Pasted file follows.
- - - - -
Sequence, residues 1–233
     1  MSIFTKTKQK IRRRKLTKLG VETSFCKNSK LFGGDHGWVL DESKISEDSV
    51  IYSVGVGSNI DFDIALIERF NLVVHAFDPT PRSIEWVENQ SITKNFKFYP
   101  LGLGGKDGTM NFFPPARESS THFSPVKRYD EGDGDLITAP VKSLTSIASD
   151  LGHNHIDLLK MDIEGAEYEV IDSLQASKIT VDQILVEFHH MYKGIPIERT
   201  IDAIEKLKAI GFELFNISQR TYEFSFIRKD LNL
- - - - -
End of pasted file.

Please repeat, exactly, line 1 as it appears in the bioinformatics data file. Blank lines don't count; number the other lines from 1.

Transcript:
Sequence, residues 1–233